But why does a simple stock out situation result in this? Lack of communication and human behavior. Let’s have a look at these two reasons separately.
The whole point of the game is to put the participants under pressure. And as soon as the first problems arise, people want to get rid of that pressure. So they over compensate, order sizes increase more than what would be needed to fulfill the backlog, buffer stocks are built up, just in case. And this effect happens at every step of the supply chain. We have all seen this happen in real life. Either during shopping, the days before holidays are a very good example. Or in our professional lives, every time we wondered why customers ordered strange volumes, this effect was probably the reason.
Lack of Communication
The main constraint of the game is communication. Participants are not allowed to communicate with each other, or exchange any information, other than exchanging orders on forms. These forms include the ordered quantity, the order period and the quantity delivered in period +1. That’s it, no details on inventories, backlogs, no forecast or anything else. The result is a complete lack of transparency of what’s going on. Sounds familiar, doesn’t it?
The fun part of the game are the comments, so. After the first couple of rounds, every time someone burst out with “How much?!?!? But WHY?”, laughter is guaranteed. And this happens at least once during the order cycle. Did I mention that I can be a mean trainer during round one?
The Beer Game is played twice, each time for around 15 to 20 periods. The first session plays out as described above. The second one removes all limitation regarding communication. And this last bit is the solution. As soon as my orders are exchanged, stock and backlog numbers shared, participants come up with all kind of plans. Ideas ranged from pre-defined order sizes to forecasts to simply shouting out my order sizes across the table. And they all work.
In real life, these solution have names like Kanban, Just-in-Time, VMI and forecasting.
I have played this game with people new to supply chain management and seasoned professionals. I had mixed groups. When putting teams together, out of simple curiosity I put together teams of seasoned Supply Chain people, people with no SCM background an mixed teams. I had the seasoned people at every level of the four-level supply chain. Guess what? It didn’t make a difference in the first round. In the second round, teams with SCM experienced team members usually fared better. In the first round, without any information and transparency, all the knowledge and experience didn’t help.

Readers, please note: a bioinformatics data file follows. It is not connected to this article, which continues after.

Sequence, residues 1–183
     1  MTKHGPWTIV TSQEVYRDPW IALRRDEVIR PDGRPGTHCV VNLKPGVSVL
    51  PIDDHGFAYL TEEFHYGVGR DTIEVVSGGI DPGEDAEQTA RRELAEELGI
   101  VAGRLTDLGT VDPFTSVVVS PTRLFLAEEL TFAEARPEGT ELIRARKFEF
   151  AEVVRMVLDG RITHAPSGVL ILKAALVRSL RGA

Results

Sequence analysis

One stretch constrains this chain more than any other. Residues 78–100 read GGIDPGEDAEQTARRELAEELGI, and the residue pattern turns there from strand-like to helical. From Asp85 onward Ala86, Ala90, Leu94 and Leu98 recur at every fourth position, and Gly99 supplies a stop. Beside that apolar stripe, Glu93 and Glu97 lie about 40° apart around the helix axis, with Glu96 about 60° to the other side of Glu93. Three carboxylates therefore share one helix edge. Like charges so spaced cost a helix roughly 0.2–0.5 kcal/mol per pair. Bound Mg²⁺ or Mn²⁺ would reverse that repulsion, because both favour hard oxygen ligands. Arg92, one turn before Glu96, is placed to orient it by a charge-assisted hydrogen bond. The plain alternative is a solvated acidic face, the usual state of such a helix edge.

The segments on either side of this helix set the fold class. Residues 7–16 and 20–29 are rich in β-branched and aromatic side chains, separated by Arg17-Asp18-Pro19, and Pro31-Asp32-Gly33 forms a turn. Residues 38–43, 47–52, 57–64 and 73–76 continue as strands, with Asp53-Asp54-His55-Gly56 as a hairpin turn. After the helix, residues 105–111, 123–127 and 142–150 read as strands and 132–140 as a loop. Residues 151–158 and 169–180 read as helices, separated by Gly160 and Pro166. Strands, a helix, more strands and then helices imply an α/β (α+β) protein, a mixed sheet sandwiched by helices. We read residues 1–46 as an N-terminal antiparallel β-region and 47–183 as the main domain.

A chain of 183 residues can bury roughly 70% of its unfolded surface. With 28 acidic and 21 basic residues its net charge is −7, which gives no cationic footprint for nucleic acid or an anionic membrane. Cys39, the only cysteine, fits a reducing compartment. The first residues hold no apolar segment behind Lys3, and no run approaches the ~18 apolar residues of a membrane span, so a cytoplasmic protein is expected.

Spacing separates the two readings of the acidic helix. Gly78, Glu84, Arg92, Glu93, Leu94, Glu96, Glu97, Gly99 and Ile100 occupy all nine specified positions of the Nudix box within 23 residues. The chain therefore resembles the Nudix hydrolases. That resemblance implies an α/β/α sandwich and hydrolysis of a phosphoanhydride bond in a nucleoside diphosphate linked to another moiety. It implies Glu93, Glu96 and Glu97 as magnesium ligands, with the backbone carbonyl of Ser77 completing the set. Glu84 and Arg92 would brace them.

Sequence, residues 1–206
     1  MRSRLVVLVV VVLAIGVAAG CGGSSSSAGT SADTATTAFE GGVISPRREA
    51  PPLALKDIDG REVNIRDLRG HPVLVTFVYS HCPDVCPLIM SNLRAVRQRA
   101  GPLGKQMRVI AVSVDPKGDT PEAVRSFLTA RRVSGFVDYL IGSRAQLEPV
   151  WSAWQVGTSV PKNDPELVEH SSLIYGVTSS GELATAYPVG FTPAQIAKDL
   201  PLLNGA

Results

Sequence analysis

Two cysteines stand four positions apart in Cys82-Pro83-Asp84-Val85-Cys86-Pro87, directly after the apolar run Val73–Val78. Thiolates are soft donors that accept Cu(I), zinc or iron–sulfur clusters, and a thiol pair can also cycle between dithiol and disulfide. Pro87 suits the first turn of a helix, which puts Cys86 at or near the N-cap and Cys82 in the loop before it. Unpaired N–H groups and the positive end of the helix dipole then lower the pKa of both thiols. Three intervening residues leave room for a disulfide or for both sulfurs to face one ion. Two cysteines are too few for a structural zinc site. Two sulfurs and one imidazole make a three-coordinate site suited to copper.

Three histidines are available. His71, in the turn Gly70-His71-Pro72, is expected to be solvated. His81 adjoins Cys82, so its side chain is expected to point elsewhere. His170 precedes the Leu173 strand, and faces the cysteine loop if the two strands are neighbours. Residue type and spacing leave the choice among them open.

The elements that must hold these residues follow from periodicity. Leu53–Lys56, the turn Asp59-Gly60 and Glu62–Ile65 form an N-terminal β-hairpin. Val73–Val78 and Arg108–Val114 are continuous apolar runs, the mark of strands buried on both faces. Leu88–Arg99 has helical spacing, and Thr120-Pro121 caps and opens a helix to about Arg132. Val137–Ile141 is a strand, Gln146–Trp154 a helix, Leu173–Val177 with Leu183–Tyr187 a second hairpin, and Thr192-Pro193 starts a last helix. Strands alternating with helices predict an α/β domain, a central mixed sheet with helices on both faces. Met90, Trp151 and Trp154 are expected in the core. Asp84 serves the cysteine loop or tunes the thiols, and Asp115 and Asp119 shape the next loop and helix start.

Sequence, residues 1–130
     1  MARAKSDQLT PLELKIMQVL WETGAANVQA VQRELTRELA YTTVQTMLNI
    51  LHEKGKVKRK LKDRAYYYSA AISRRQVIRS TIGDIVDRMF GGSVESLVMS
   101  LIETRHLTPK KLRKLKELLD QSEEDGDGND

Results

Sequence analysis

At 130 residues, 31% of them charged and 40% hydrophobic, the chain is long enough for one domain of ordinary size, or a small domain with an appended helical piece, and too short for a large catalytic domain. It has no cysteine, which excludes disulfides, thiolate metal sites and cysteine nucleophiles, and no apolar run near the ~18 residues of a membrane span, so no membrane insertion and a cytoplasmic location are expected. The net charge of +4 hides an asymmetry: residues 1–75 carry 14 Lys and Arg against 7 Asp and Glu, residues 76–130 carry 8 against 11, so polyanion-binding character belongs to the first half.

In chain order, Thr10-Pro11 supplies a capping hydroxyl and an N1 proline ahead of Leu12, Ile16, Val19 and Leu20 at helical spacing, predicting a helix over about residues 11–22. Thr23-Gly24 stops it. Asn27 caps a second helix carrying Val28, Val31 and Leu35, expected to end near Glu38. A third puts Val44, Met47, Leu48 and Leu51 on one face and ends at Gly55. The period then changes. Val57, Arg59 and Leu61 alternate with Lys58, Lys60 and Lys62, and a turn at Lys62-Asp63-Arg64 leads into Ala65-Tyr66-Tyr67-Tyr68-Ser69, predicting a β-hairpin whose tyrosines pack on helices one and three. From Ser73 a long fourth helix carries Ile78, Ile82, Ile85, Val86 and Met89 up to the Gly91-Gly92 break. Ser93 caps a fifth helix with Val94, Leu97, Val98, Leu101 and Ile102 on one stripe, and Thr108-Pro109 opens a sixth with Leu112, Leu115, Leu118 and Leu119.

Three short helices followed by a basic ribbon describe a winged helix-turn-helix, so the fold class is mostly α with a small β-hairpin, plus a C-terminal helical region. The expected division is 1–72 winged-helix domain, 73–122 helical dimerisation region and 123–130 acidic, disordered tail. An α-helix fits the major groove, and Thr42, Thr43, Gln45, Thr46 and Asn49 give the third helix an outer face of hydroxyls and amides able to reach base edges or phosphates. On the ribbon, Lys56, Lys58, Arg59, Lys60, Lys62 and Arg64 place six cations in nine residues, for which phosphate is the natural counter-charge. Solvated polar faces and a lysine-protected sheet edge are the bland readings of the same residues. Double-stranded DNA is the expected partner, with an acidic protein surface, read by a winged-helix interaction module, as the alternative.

It didn’t even help when you knew the game and the rules. I learned that every time I was a participant and not the trainer. I knew the starting situation, I knew the rules. I had the background and real life experience. It didn’t matter in the first round.
What does this tell us? That communication and transparency are the key. As soon as information is flowing freely between parties, plans can be formulated. People stop optimizing for themselves, instead the end customer becomes the focus. Collaboration, so, works best when the team has one part who takes the lead. But even without a leading party, also called the Channel Master, results improve by orders of magnitude.
Real supply chains are much more complex, manufacturing companies already have more than four manufacturing levels in-house. There are more suppliers, more parts involved. Lead-times vary an can be way longer than one order and delivery cycle. And still, collaboration models work. They reduce inventories and costs. And they improve supply chain performance.
If you are interested in VMI in general, you can read the posts here:
And if you are interested in the Beer Game, just reach out to me! Be safe, take care and remember that COVID-19 affects us all